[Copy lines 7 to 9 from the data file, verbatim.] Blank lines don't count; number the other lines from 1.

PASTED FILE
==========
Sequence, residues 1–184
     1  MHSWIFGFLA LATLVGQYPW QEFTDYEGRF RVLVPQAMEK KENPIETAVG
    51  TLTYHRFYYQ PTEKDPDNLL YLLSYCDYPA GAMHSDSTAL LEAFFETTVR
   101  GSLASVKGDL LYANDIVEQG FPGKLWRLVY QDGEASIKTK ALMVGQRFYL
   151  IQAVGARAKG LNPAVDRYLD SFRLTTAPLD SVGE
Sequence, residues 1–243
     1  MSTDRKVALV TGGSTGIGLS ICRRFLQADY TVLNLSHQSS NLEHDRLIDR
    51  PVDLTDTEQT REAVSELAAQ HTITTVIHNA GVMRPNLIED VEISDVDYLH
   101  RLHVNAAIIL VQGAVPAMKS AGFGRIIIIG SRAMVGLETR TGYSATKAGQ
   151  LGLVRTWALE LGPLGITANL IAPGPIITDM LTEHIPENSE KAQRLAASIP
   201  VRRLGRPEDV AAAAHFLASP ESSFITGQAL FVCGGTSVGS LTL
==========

     1  MSTDRKVALV TGGSTGIGLS ICRRFLQADY TVLNLSHQSS NLEHDRLIDR
    51  PVDLTDTEQT REAVSELAAQ HTITTVIHNA GVMRPNLIED VEISDVDYLH
   101  RLHVNAAIIL VQGAVPAMKS AGFGRIIIIG SRAMVGLETR TGYSATKAGQ